How to Choose The Best Duvet Covers
If you are confused as to what are the differences between duvet, quilt and comforter, we have sorted that out in an earlier post. Before we suggest duvet covers for your needs, we would like to go in-depth into what makes a duvet and what you can look out for when purchasing one.
What is the best type of duvet inner for a good night's sleep?
1. Duvet Fillings
When purchasing duvets you will come across different fillings. The filling determines the comfort of a duvet, whether it feels comfortable or awful. The two main types of fillings are either natural or synthetic. The material used to encase the filling is also important. Cotton is a common fabric used to encase duvet filling due to its breathability and ability to regulate temperature and wick away sweat.
These are duvet covers you will come across:
● Down and Feather
● Regenerated or recycled hollowfibre duvets
2. Natural Duvet Fillings
Natural duvet fillings include down, feather, wool and silk. Natural fillings are naturally softer, warm and more breathable than synthetic materials.
Down fillings use goose or duck feathers found on their belly and underneath the exterior of the outside feather. Down has better insulation than synthetic fillings. They are also lighter than their synthetic counterpart.
Feather are heavier and cheaper than down as they use the feathers on the top surface of goose and duck. These feathers have a spine going down the centre, also known as quill. Unlike down, they can be a bit spiky if the cover of the fabric to encase the duvet isn’t strong enough.
If you are getting a mix down and feather duvet, a higher ratio of down to feather will provide a lighter and warmer duvet. Studies at St. George’s hospital in London found that synthetic fibres harbour more than traditional feather and down. However, if you are an allergy sufferer and worry down and feather duvets may increase your allergic symptoms, check with the store if there is any certification on their duvet against dust-mites.
Wool on the other hand is naturally hypoallergenic, recyclable and durable. Wool traps air really well and offers excellent temperature regulation. Wool also wicks away moisture from the skin and retains dry air and warmth. But you probably wouldn’t need wool fillings in a tropical climate.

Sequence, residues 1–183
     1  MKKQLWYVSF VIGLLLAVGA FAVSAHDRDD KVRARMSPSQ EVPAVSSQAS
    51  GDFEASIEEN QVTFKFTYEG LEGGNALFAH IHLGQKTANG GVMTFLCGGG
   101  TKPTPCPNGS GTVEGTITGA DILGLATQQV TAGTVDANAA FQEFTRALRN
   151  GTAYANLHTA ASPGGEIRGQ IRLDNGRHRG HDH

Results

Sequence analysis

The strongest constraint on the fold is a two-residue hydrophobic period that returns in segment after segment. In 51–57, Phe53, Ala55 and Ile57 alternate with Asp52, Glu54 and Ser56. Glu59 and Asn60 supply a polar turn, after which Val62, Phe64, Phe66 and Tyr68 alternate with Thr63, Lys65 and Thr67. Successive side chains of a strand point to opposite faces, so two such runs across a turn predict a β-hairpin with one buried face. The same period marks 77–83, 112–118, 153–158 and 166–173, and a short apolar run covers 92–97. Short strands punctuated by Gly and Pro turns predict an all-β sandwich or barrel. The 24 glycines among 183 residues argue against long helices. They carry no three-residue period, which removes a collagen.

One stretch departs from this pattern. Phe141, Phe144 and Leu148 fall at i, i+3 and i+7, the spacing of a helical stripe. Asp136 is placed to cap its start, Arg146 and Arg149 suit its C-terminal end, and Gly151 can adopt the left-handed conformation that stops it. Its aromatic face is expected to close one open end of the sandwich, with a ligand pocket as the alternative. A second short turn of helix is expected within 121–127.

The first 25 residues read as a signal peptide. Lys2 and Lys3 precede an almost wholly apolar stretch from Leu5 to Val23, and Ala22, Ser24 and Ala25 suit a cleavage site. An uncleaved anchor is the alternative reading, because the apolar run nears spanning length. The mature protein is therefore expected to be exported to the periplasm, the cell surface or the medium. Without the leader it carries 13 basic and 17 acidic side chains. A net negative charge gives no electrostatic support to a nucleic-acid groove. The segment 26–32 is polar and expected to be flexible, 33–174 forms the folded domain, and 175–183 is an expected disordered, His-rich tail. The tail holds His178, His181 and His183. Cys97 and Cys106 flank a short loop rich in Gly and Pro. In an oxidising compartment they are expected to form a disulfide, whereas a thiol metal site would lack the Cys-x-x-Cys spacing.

Silk is the best of natural all natural duvets. Silk duvet is hypoallergenic, durable and lightweight. It suits both cold and warm climates and is great at regulating body temperature. However, it cannot be washed often and the best way to clean it is to air dry silk duvets. The best way to find out how to care for your duvet is to check the care instructions.
3. Synthetic Duvet Fillings
Synthetic duvet fillings are hypoallergenic because they can be washed regularly at higher temperature. Although synthetic duvets can wick away moisture, they are less breathable than natural fillings and are unsuitable for a hot sleeper. Synthetic duvets are however, not environmentally friendly as they can release microplastics into the environment when washed. They are also not recyclable and are not biodegradable.
Hollowfibre duvets are made from polyester with a single hole down the centre in each strand of fibre to trap air. It is cheap to produce and its hollow fibres are lightweight, airy and firm. It is very durable and not costly to purchase. Regenerated or recycled hollowfibre duvets contain polyester fibres produced by waste plastic. Waste plastic bottles are melted into plastic chips and then spun into polyester fibres. It takes 120 plastic bottles to produce the filling for a double duvet. Although they require less energy to produce and reduce extraction of petrochemicals from the environment compared to virgin polyester, they can still create microfibre plastic pollution.
Microfibre duvets are also made from polyester and their threads are thinner than human hair. Microfibre is equivalent to man-made down with its soft and silky fibres. They are also cheap to mass produce. But it cannot match the loft and airiness of a down duvet. It has less loft than hollowfibre.
What Are Duvet Covers?
Once you have decided on the type of duvet to purchase, the next thing to think about would be the duvet cover. A duvet cover is what a pillowcase is to a pillow. A duvet cover is an absolute necessity to protect your duvet so that it can go a long way. Besides being a protective layering for your duvet, duvet covers also give you an opportunity to dress your bed with different colours and prints. Duvet covers can be easily washed in machines and are affordable for you to switch styles whenever you get bored of a style of bedding.
Types of Duvet Covers
TENCEL™ is an eco-friendly fabric produced in a closed-loop production. It comes from the cellulose of eucalyptus trees. TENCEL™ is also referred to as lyocell and rayon. The fabric is cool to the skin, extremely soft and feels silky. Lycocell duvet covers are great for hot sleepers and those living in the tropics.
Supima cotton is the best cotton, second only to pure Eygption cotton. Supima cotton is smooth, silky, soft and breathable due to its extra long staple cotton fibre. The length of cotton fibre matters as it affects the texture, such as how smooth and soft the fabric is.
You can also choose cotton Jersey duvet covers. Jersey is a single-knot cotton fabric known for its stretch and softness. The way that Jersey is knotted gives it a natural elasticity without needing stretch fibres like elastane. The great thing about Jersey cotton is its ability to be wrinkle free compared to percale, another cotton fabric. Sleeping under a Jersey cotton duvet cover feels like slipping into your tee-shirt every night.
Shop for all your bedding needs at Bedding Affairs Singapore.